Multiscale habitat use by muskrats in lacustrine wetlands

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Show simple item record Larreur, Maximillian Roger 2018-07-30T18:59:07Z 2018-07-30T18:59:07Z 2018-08-01 en_US
dc.description.abstract The muskrat (Ondatra zibethicus) is an economically and ecologically important furbearer species that occupy wetlands throughout North America. However, populations across the United States (US) are declining and there is little evidence as to the cause of this decline. Wetlands in the upper Midwest, US, are shifting into more homogeneous vegetation states due to an invasive hybrid cattail species, Typha x glauca (hereafter ‘T. x glauca’), outcompeting native vegetation. This hybrid cattail species is now an abundant potential resource for muskrats and has outcompeted native wetland vegetation. I investigated how landscape composition and configuration affected multiscale habitat use by muskrats during the summers of 2016 – 2017. Additionally, I assessed how fetch (impact of wind and wave action), a process dictated by large-scale landscape configuration, influenced muskrat habitat use at a local-scale representing a resource patch. I randomly selected 71 wetland sites within Voyageurs National Park, Minnesota, and used presence/absence surveys to assess site occupancy by muskrats. Each year, multiple surveys were conducted at each site and I used multiseason occupancy modeling to investigate how both local and landscape factors affect site occupancy and turnover. I predicted a positive relationship between local-scale (2 ha) sites, characterized by shallower and less open water, and muskrat occupancy and colonization rates. I also predicted increased occupancy probabilities and colonization rates in wetlands that contain higher amounts of T. x glauca. However, I expected the amount of fetch at each site to negatively influence site occupancy probabilities and colonization rates. At the landscape-scale (2 km), I expected habitat use by muskrats to be positively related to the percentage of T. x glauca and area of wetlands surrounding sites. At the local-scale, muskrats occupied wetlands that contained shallower water depths and less open water. As predicted, site occupancy probabilities were greater in areas with greater amounts of T. x glauca coverage. My results revealed a cross-scale interaction between the severity of fetch impacts and percent of T. x glauca coverage at sites. Muskrats were more likely to colonize areas with greater fetch impacts if there was also greater coverage of T. x glauca at these sites. At the landscape-scale, site-occupancy probabilities were positively influenced by the percent of open water and landscape heterogeneity surrounding each site. My study was the first to document how invasive T. x glauca populations can mitigate negative effects that high wave intensity may have on muskrat spatial distributions. I was also the first to identify multiscale factors affecting the spatial distribution of muskrats in lacustrine ecosystems. en_US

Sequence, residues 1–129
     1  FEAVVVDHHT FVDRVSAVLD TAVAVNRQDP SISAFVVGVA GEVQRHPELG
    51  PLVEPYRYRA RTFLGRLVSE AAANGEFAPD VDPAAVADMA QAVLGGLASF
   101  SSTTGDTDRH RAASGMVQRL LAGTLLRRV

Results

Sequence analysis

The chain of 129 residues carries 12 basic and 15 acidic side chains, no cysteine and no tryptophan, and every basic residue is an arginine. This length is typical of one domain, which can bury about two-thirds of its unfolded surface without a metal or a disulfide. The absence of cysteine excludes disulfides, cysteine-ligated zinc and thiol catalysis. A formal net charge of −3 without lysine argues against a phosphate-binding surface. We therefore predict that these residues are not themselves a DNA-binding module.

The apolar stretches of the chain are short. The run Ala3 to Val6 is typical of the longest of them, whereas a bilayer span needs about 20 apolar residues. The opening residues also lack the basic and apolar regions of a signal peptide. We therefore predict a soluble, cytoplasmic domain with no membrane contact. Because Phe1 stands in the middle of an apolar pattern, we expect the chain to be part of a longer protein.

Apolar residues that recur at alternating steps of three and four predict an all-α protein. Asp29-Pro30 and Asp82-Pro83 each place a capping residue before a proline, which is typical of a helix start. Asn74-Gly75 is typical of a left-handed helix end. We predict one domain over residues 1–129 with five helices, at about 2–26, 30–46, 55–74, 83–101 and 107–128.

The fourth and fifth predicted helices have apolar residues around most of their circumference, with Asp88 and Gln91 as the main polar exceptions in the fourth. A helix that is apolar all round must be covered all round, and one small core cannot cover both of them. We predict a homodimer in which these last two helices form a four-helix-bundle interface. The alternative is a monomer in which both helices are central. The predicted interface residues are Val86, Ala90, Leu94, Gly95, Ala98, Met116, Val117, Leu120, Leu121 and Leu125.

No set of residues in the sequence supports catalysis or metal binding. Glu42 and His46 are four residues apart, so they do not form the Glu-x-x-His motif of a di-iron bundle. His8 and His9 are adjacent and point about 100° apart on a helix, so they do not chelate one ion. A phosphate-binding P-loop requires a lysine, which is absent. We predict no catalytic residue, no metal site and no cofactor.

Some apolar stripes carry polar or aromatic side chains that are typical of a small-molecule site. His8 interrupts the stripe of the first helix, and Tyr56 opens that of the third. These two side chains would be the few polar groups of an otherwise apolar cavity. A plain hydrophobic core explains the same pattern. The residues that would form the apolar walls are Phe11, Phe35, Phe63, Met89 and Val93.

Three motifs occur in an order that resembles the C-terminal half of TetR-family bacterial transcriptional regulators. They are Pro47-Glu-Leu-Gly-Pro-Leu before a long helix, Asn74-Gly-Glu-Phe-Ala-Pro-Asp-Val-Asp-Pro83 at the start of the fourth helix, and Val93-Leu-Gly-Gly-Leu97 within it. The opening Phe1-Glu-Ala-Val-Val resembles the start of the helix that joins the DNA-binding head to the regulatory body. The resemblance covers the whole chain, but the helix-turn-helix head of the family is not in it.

dc.description.sponsorship Kansas State University National Park Service en_US
dc.language.iso en_US en_US
dc.subject muskrat en_US
dc.subject multiscale en_US
dc.subject habitat use en_US
dc.subject occupancy en_US
dc.subject cross-scale en_US
dc.subject fetch en_US
dc.title Multiscale habitat use by muskrats in lacustrine wetlands en_US
dc.type Thesis en_US Master of Science en_US
dc.description.level Masters en_US
dc.description.department Department of Horticulture and Natural Resources en_US
dc.description.advisor Adam A. Ahlers en_US 2018 en_US August en_US 2018-08-02 en_US

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